A student makes traditional Korean rice liquor at the Susubori Academy, central Seoul. The recently opened school provides English-language courses for those interested in learning about fermenting rice grains.
/ Courtesy of Susubori Academy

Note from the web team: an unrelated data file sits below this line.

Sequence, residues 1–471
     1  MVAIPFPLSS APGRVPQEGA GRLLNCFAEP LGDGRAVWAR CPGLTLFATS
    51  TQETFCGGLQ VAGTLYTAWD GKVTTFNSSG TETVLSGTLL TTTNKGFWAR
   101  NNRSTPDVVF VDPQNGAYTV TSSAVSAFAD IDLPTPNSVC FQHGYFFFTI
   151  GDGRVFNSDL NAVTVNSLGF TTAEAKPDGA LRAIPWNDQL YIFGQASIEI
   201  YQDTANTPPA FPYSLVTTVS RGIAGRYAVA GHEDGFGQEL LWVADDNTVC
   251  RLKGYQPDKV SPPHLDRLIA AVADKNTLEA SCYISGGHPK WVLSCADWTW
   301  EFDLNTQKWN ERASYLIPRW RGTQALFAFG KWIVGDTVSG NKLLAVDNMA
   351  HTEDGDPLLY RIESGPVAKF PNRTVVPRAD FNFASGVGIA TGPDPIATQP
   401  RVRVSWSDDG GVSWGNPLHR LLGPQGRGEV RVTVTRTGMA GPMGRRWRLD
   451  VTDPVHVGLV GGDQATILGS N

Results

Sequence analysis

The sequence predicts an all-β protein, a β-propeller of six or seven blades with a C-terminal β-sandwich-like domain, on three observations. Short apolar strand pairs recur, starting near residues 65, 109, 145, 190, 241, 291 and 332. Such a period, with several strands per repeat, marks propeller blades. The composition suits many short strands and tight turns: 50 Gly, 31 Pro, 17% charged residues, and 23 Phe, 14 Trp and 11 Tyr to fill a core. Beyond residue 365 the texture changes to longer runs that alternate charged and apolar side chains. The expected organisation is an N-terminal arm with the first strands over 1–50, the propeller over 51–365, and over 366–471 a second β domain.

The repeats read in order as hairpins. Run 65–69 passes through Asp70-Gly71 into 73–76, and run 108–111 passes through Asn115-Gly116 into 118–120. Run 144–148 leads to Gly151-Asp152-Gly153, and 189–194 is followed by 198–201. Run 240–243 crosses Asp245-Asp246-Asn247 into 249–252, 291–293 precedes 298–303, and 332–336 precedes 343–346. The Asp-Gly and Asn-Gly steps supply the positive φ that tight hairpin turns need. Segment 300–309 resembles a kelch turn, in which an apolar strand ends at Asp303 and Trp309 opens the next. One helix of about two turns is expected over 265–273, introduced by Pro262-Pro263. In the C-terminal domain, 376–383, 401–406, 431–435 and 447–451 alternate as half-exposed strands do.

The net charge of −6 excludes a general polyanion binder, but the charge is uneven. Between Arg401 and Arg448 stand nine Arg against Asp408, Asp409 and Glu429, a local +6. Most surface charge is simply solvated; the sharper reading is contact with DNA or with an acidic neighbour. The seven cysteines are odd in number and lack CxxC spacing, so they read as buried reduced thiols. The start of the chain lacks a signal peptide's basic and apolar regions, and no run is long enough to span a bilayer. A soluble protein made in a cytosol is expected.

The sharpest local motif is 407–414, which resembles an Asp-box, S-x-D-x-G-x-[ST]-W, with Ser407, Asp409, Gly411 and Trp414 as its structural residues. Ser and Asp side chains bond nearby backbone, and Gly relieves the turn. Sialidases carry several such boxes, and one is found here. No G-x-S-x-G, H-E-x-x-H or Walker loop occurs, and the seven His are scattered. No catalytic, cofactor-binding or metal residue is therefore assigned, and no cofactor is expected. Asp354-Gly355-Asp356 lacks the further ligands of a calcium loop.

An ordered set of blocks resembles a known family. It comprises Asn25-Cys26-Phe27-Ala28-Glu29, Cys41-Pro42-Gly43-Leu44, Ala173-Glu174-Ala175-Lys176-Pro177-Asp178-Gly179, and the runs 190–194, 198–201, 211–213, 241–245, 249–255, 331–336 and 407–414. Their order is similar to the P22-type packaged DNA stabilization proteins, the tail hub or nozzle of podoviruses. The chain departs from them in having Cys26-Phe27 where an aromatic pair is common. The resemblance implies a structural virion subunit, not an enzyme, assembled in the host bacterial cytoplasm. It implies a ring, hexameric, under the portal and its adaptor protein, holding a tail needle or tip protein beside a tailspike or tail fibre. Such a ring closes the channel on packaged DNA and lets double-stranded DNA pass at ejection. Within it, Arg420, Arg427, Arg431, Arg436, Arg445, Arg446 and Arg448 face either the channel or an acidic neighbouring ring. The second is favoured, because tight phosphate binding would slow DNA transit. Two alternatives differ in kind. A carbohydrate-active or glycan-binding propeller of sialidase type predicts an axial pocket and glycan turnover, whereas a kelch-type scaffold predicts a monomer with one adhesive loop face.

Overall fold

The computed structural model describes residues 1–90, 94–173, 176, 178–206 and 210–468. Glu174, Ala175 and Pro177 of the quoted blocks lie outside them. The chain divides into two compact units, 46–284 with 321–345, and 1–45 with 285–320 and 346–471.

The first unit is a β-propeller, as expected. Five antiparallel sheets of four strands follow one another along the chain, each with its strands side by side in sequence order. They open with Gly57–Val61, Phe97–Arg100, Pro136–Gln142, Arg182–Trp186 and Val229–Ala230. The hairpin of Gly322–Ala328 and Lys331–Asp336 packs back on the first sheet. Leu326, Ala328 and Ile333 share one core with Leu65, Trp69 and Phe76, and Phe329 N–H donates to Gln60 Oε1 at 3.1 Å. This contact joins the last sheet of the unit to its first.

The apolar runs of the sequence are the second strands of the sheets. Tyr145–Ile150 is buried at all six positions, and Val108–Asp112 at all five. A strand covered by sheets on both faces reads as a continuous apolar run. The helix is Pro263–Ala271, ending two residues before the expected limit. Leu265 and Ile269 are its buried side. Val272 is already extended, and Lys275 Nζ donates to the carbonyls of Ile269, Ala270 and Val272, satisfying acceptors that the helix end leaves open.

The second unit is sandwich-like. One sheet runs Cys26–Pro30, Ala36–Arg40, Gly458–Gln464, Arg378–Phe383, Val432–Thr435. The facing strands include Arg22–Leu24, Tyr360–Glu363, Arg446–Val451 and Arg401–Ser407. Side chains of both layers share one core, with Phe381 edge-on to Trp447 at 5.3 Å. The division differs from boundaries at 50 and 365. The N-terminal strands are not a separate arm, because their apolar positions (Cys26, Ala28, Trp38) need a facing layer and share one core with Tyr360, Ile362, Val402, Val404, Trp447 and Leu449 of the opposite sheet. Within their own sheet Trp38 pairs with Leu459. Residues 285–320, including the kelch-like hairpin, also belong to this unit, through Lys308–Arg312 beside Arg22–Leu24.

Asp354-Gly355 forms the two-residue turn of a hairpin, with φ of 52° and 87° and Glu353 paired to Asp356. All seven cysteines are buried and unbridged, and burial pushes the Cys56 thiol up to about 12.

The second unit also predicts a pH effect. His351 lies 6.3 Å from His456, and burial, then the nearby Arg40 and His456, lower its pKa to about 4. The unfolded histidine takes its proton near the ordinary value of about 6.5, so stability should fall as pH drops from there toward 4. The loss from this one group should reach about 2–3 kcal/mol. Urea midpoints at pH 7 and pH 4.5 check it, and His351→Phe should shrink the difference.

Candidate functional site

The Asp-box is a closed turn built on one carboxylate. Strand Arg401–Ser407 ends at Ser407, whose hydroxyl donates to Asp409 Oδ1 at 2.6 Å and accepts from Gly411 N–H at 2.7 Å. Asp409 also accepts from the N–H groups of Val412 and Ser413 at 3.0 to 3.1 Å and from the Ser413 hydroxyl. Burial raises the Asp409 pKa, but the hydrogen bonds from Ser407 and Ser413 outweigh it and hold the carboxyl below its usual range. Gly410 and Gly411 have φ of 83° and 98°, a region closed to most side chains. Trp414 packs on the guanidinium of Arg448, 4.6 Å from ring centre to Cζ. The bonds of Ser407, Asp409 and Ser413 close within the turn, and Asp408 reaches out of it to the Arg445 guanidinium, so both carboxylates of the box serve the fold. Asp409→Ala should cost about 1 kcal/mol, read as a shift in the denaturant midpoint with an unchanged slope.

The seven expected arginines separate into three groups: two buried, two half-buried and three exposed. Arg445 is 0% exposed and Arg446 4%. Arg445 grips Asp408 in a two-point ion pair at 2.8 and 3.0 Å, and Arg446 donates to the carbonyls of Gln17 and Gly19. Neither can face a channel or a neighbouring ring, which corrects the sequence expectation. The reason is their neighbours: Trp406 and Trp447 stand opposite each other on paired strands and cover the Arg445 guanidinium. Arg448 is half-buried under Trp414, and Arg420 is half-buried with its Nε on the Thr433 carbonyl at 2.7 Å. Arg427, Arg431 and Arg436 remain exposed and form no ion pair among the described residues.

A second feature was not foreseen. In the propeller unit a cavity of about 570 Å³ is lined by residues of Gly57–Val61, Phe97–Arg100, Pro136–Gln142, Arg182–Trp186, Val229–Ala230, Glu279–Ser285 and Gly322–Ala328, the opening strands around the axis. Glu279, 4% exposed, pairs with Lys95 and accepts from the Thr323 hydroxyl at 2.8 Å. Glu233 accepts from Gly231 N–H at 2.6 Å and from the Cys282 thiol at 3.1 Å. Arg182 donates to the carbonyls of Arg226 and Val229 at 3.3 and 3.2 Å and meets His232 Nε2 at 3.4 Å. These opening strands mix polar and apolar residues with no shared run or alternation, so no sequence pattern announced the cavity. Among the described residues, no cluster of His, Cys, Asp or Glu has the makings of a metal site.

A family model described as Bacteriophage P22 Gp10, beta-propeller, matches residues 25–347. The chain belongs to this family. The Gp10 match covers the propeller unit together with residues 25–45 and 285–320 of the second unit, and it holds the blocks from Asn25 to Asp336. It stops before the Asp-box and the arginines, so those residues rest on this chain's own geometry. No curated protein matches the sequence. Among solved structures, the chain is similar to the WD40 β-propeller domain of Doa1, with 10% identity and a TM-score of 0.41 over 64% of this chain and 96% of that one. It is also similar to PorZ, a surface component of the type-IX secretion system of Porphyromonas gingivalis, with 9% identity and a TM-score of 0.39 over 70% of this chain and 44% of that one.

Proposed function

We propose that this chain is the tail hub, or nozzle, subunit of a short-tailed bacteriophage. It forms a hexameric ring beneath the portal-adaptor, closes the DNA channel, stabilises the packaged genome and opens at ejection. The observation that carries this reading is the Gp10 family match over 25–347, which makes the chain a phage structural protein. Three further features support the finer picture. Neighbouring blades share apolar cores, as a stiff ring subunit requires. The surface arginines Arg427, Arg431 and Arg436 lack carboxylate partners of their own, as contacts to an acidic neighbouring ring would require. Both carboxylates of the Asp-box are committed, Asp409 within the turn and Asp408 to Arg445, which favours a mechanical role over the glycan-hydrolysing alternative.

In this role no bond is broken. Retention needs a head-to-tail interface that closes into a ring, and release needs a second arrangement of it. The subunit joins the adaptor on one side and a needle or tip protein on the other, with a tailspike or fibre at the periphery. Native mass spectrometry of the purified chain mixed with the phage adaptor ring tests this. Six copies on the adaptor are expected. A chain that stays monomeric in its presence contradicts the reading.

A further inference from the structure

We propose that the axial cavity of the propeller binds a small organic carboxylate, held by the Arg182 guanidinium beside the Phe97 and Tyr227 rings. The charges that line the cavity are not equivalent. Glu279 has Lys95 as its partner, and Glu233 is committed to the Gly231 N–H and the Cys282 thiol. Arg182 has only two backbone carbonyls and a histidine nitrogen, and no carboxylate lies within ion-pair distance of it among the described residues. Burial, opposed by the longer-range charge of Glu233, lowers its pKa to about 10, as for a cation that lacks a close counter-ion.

By Ines Min The crunch of crisp vegetables on wooden cutting boards, the sizzle of a hot pan, the sweet and savory aroma of spices rising to envelop a kitchen. For many, the call of the culinary arts is a lure both practical and emotional, a desire for survival while appreciating the taste of nostalgia. Yet, when traveling, this passion is not only an act that is familiarly comforting, but explosive and intriguing with every new destination. While expatriates and tourists have the opportunity to learn to cook a range of basic hansik, “Korean food,” in schools and promotional programs, this year has seen the branching of the educational field to offer those chefs-to-be an even broader outlook. While acquiring the know-how to create the perfect kimchi for one’s palette has served as the core for a number of cooking classes, now the likes of more complex dishes such as “dakgalbi” (spicy chicken barbecue) and even traditional Korean liquor can be mastered at two new sites in Seoul. A balance of fare Han’s Cooking Academy was once one of the giants in English-language cooking schools in Seoul, but when doors closed earlier this year, the budding O’ngo Food Communications appeared on the scene, ready to continue in the field of educating foodies from around the world. Though this three-year-old company only began cooking programs this February, it’s menu and curriculum provide one of the greatest arrays of dishes taught to English-speakers, from vegetarian Buddhist temple food to the classic “haemul pajeon,” or seafood pancake. Other recipes can be requested as well, for the more adventurous looking for a challenge — or to satisfy a craving. Two resident chefs offer beginner, intermediate and advanced classes, with participants comprising an eclectic crowd: tourists, residents and international chefs, to newlyweds on holiday looking to share a memorable experience. Classes are chock full of friendly exchanges between student and chef, and helpful historical information to help understand the place of a food in the culture. Chef Kim Hye-jin explained the process of “gim-jang,” or a gathering of family to create a large stock of kimchi before winter, to a group of three tourists on Wednesday at the academy’s studio in Insa-dong, during a beginner-level class. The participants, all in town for a short stay, were each cooking Korean food for the first time, but no fear gripped the fierce Australian, Scotswoman and American. “The simplest things and you realize that the preparations took ages,” said 55-year-old Margo Hosie of Glasgow, for whom the charm was in the complex processes behind each dish. “I’ll be taking this home with me,” she said of the recipes and cooking techniques. Another immersive aspect of O’ngo is its offer of market tours at the conclusion of every lesson. The additional guides of the traditional markets help the future cooks learn what to look for and navigate the winding alleys of merchants’ stalls (tours are a specialty of the organization, which also conducts the popular Nightly Dining Tours throughout the week). The menu recipes, which are selected, tested and authenticated by the heads of the company, offer a refreshing cornucopia of Korean food pairings so that students can learn more than just the odd entree. “The whole idea is we want people to not just make one dish, but a complete dinner,” said Daniel Gray, chief of marketing and tours at O’ngo. “So if you have a soup, an appetizer and the main course, and you know how to make it all, you can easily go home and make an entire Korean meal for your friends instead of just having one element of Korean food.” Although the classes certainly help share hansik with the world, the company goes beyond mere promotion in order to encourage a greater cultural exchange. “We’re figuring out what different countries like,” Gray said. “We found that some of our French guests really like ‘samgyetang’ because it reminds them of ‘la poule au pot.’ But they hate something like bibimbap. “We’re flexible because we’re trying to understand other peoples’ culture as well, as much as have them learn about Korea. We’re not trying to force feed it and I feel like the best way to globalize anything, there has to be a mutual cultural consensus.” “We want to nurture a food community.” Classes start at 65,000 won, although prices vary by menu and season, and discounts are available for groups of 10 or more. Each session lasts from two to three hours. For more information on cooking classes, dining tours and other projects, visit www.ongofood.com. Intoxicating rice To help wash down the mounds of Korean dishes those foodies are learning to make across the city, Susubori Academy in central Seoul offers a unique chance to brew traditional rice liquors and wines. The specialized school, partnered with Kyonggi University and the Foundation of Agriculture, Technology Commercialization and Transfer, is one of the few centers in Korea where people can enroll in intensive courses and earn certificates as brewers of traditional Korean rice liquors and wines. Opened at the start of September, the classes — which begin with a two-month basic techniques course that teaches how to brew at home and go up to a year-long advanced class — are all taught in Korean. However, a special short program with English interpretation was implemented, in order to reach out to non-Korean speakers and spread information on local fermentation methods. “There’s no expert for Korean liquor,” said Park Min-ji, coordinator at the academy. “There’s sommeliers for wine, meisters for beer, but there’s no one for Korean traditional liquor.” Currently, there are three types of classes offered for English-speakers, which follow the number of distillations desired for the final product. “Danyangju” is the simplest type, and the single-distillation drink can be made during one class period (roughly three hours). “Iyangju” comprises two distillations, while “Samyangju” takes three, and is the most complex in flavor. Thus far, students are still growing from the initial enrollment numbers of under a dozen, but the response has been overwhelmingly positive, with many of the attending foreigners intrigued at the process of creating the alcohol. “They learn how Korean liquor is made and they’re often surprised that we use only rice and water and ‘nuruk’ (yeast),” Park said. “Rice can have various flavors, and some liquors have hints of fruit, although it’s just made of rice.” Hilary O’Neil, a 25-year-old English teacher here from the United States, has so far attended three of the four foreigner classes and has entered into the 2010 Korea Liquor Contest, which opens today at COEX in Samseong-dong and runs till Oct. 2. The competition is hosting a special foreigners-only segment, comprised of teams from Susubori. O’Neil is one of 20 people who have signed up for the event, with participants hailing from Germany, China, the Philippines and Spain. “I studied biology in school so it’s a good combination of science and cooking, and learning about culture too,” O’Neil said of her experiences at the academy. Though she had prior experience brewing beer in the U.S., this was her first time experimenting with Korean alcohol. “I think it has given me more of an appreciation for the alcohol I’m drinking over here,” she said. “I can tell the difference between good stuff and bad stuff now.” More English-language classes will be held on Oct. 16 and 30 at Susubori Academy, with prices yet to be announced. For more information, visit www.facebook.com/susubori.